Emulsion Film Lab launches Kickstarter Campaign for New Zealand & Australia

Emulsion Film Lab launches Kickstarter Campaign for New Zealand & Australia

Now Seeking Community Support via Kickstarter, Emulsion Film Lab will help all those who still shoot in the Beautiful Medium of Film!

October 05, 2017 ( datsyn.com) – Emulsion Film Lab is a dedicated film lab based in New Zealand and it aims to help all those artists who still use the traditional medium of films in this digital age. The lab is now seeking community support for this cause on Kickstarter and it aims to assist the artists in getting their films developed in a professional environment. The project aims to help artists from Australia and New Zealand with dedication like no other lab of its kind.

“Our goal is clear and it is simply to keep the film medium going strong, give strength to the market and give film photographers a solid ground to work on.” Said Ned Moess, the creator of this project. Ned is an avid film shooter and he has been developing and printing films in a dark room for about a decade now.

According to Ned, there are many artists who still use the traditional method of film developing and the waiting as well as the excitement when that roll comes back from developing is something he truly understands, respect and believes in. His goal is to raise a sum of NZ$ 10,000 with this Kickstarter campaign and he is welcoming everyone to generously support him in this project.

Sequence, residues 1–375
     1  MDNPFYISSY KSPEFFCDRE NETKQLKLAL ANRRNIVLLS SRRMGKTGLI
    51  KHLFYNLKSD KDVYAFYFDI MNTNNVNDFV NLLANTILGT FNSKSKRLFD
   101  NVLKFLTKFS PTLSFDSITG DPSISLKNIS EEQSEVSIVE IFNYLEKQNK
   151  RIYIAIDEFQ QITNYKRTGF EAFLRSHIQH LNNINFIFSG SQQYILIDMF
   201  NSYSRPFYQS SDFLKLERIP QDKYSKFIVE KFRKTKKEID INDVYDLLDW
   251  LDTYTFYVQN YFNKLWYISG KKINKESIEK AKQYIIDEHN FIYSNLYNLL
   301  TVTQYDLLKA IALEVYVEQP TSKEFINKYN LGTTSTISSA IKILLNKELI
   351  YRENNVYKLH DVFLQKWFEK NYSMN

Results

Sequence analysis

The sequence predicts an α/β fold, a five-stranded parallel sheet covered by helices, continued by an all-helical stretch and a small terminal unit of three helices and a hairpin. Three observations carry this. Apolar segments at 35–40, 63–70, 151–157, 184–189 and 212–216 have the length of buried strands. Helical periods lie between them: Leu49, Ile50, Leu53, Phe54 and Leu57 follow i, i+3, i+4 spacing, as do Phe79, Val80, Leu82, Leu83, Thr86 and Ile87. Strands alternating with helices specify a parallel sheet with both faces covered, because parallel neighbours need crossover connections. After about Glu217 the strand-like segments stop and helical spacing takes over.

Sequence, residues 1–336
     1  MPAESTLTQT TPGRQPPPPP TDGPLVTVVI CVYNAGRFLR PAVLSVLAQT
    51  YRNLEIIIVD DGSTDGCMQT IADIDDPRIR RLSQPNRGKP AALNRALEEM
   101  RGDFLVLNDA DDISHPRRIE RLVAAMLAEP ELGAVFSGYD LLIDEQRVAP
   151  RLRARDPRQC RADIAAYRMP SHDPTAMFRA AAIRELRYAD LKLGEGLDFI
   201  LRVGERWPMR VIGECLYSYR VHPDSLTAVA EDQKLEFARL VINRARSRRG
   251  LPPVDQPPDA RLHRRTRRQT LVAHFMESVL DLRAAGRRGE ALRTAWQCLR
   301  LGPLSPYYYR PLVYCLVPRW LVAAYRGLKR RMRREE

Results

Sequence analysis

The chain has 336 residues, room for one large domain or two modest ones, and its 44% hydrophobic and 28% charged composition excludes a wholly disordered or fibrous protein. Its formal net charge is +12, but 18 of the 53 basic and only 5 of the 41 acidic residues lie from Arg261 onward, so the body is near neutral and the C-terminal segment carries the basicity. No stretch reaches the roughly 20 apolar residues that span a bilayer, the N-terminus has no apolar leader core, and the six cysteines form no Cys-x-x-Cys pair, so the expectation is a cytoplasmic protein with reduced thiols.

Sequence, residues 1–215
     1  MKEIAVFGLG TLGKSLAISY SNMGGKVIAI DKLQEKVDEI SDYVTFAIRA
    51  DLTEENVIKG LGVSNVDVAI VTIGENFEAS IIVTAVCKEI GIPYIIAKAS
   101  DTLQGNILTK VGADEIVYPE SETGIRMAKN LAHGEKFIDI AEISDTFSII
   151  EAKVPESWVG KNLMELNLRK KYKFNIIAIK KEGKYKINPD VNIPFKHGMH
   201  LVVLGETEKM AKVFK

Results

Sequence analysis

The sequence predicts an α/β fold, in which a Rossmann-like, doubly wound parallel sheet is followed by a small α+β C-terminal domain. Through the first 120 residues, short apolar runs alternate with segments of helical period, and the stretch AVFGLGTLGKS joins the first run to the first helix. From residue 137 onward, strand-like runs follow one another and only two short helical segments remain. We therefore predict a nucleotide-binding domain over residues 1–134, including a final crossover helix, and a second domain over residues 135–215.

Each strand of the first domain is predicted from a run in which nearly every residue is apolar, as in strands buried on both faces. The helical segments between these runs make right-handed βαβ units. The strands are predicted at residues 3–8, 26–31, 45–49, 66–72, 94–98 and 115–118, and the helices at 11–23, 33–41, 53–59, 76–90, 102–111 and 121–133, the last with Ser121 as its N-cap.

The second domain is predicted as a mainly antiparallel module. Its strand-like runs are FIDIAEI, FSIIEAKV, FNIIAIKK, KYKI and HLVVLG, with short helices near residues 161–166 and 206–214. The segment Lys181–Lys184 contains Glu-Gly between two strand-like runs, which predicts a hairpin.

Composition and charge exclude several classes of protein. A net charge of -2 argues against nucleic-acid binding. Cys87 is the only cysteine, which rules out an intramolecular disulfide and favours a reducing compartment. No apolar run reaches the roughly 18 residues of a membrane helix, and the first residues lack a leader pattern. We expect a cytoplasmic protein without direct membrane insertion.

The Kickstarter Campaign is located on the web at: www.kickstarter.com/projects/1855691479/emulsion-film-lab-new-zealand and supporters can back him with pledges ranging from NZ$ 25 to NZ$ 1000 or more. Each pledge offers a great reward and more details about the project are available on the Kickstarter campaign page. 

Emulsion Film Lab is a project of a New Zealand based film shooter and a professional darkroom expert who still believes in the strength of the traditional methods of developing a film. He has launched a Kickstarter campaign to help people who still love using the traditional methods in capturing and development of photos in a dark room. 

 

Source: PR